Beer history

The Pasglas

On the internet, one thing leads to another. This time, we ended up, via a Wikipedia wormhole, on the Dutch-language page for ‘Pasglas’.

Here’s what we got from Google Translate, tidied up a bit:

A pasglas is a tall beer glass from the 17th century used for drinking games. The glass gets its name from the passen (stripes) marked around the beer glass with the intention that, during a drinking game, each competitor would try to drink down to the next line… The pasglas is common in paintings of the 17th century in which it can symbolise the temptations of life. The quality of the glass itself was poor and often contain air bubbles; this, and the low appreciation of the glasses, means that few have been preserved.

There are indeed lots of pictures of these peculiar glasses, such as ‘An Allegory of Taste’ by Petrus Staverenus, that was auctioned at Christie’s in 2012 (and from where we nicked the picture):


It looks a bit like a modern-day brewing sample jar, a vase, or maybe a distant relative of a German wheat beer glass.

There’s a lot more information on the website of ALMA, a Dutch project which aims to connect physical objects from history with paintings that depict them. Its essay says: ‘The eight-sided green pass glass is found regularly in archaeological excavations, not only in the Netherlands but also in Germany, Denmark, Sweden and even in the United States.’ It also includes the rules of the drinking game gleaned from a poem inscribed on a glass in Vienna:

The verse makes it clear that the pass glass was used by a group of drinking companions who passed the glass round and everyone must take a swallow from it. The drinker was challenged to go from measure to measure in one gulp and if he missed, then he had to go on to the next measure. 

Sounds like fun, and all very sociable. Someone making these today would clean up at Christmas, wouldn’t they?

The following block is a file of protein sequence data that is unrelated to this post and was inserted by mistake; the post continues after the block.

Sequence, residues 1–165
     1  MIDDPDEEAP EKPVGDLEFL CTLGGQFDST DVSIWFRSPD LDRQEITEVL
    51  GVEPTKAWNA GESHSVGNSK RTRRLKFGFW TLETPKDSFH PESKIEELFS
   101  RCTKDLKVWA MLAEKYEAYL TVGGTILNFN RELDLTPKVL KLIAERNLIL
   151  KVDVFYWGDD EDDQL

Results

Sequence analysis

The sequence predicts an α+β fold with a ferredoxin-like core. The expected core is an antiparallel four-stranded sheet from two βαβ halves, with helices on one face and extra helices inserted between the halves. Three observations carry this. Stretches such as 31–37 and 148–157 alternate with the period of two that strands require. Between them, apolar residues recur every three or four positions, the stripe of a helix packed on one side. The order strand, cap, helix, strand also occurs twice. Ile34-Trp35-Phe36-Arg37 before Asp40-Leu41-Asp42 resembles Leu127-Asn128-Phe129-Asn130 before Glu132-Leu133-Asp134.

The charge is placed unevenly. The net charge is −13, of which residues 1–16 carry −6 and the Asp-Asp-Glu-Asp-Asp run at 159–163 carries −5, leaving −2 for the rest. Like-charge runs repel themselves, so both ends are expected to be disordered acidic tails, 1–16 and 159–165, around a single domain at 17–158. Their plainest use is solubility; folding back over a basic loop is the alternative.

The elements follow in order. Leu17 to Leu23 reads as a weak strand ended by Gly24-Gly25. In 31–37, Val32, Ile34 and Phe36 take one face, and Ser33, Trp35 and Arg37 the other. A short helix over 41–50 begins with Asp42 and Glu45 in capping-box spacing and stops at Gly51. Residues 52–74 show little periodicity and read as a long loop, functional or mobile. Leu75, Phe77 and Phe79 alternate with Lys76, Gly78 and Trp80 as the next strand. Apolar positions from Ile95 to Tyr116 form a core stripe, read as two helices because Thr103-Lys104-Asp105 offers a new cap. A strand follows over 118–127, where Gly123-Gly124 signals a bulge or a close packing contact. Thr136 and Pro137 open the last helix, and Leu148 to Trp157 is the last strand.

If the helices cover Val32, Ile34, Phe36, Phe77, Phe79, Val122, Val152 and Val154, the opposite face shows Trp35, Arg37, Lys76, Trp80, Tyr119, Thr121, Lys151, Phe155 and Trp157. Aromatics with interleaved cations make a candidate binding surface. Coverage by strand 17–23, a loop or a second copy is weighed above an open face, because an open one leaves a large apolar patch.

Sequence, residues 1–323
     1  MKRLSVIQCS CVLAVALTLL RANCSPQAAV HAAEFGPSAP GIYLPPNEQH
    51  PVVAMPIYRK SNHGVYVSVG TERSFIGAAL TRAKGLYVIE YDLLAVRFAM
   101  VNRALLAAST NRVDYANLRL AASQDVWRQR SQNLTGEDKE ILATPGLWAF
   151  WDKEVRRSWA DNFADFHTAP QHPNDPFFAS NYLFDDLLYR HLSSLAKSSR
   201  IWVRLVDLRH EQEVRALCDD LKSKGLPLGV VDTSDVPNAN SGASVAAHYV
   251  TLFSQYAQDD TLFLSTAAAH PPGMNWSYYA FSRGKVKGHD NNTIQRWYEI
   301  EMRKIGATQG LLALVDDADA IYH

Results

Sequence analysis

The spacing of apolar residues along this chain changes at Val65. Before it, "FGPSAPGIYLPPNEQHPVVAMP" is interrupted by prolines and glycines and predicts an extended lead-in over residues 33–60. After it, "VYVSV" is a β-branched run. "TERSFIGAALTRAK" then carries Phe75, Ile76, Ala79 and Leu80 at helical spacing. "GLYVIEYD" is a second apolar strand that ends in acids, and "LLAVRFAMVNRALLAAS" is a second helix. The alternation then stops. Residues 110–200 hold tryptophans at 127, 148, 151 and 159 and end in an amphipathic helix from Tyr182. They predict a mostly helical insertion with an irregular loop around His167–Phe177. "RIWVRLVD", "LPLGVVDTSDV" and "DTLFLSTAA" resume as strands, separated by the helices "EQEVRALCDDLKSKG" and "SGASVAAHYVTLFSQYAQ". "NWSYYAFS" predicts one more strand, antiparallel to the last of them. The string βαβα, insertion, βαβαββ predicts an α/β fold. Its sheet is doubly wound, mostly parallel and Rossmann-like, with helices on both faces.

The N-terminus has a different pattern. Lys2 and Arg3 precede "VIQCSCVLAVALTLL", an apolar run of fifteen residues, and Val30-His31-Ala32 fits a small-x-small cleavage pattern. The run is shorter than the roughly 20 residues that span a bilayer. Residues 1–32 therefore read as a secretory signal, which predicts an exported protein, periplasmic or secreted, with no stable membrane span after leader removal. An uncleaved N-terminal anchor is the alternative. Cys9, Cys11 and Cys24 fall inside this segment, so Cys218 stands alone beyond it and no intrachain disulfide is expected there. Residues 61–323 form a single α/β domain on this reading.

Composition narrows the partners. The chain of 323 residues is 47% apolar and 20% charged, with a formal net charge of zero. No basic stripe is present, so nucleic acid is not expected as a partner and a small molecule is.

The main image up top is a detail from ‘Vrolijk Gezelschap’ by Jan Miense Molenaer, c.1660 – 1668, from the ALMA website.

14 replies on “The Pasglas”

That’s like the earlier English communal drinking vessel with pegs sticking out on the inside showing the measure one was to drink. Source of the phrase about taking someone down a notch or “a peg or two” I dimly recall. [Should be supplying a better evidence with that but heading out the door to work…]

Those marks actually existed in Norwegian communal drinking vessels, too. Either as metal dots or as “steps” in the inside of the bowl. The purpose was indicating the measure to be drunk, so that everyone got the same amount.

Alan: would really appreciate a reference to more information on the English vessels, if you’re able to find one.

It’s definitely possible. Or maybe the Dutch always had enough beer and didn’t need this style of cup to divide up portions. In Norway people generally didn’t have much grain, and therefore didn’t brew very often. In Denmark it was different. So without more evidence it’s not really possible to tell.

The intention was not to test you, but I’ve been looking for a way into literature about beer drinking vessels in other countries. For Norway and Sweden I’m reasonably well covered, but every other country is currently a total blank. If you could come up with even one reference that would open the door to one more country.

The forfeit in a drinking game somebody once explained to me (there weren’t enough enthusiasts to actually get a round going) was to drink a dimple’s worth of beer from a dimple mug (they were all the rage back then).

He certainly doesn’t say that the custom continued into the 1800s – the book was published in 1817, and he says that he has a pegged cup which came into his family “a hundred and fifty years ago”. As for the continuation of customs from before the Conquest to “Shakespeare’s time” (which he does claim), I’d need to see much better evidence than, well, none. Paging Martyn…

Phil: He doesn’t need to say it. We have piles of evidence from Norway. But I’m not going to present it before I can bang it into some kind of shape. Not the next blog post, but the one after that, will be my first tentative attempt at this subject. Sorry to be so secretive, but this subject is so enormous, and so weird, that I need to start off … on the right foot or … I’m not sure how to put it.

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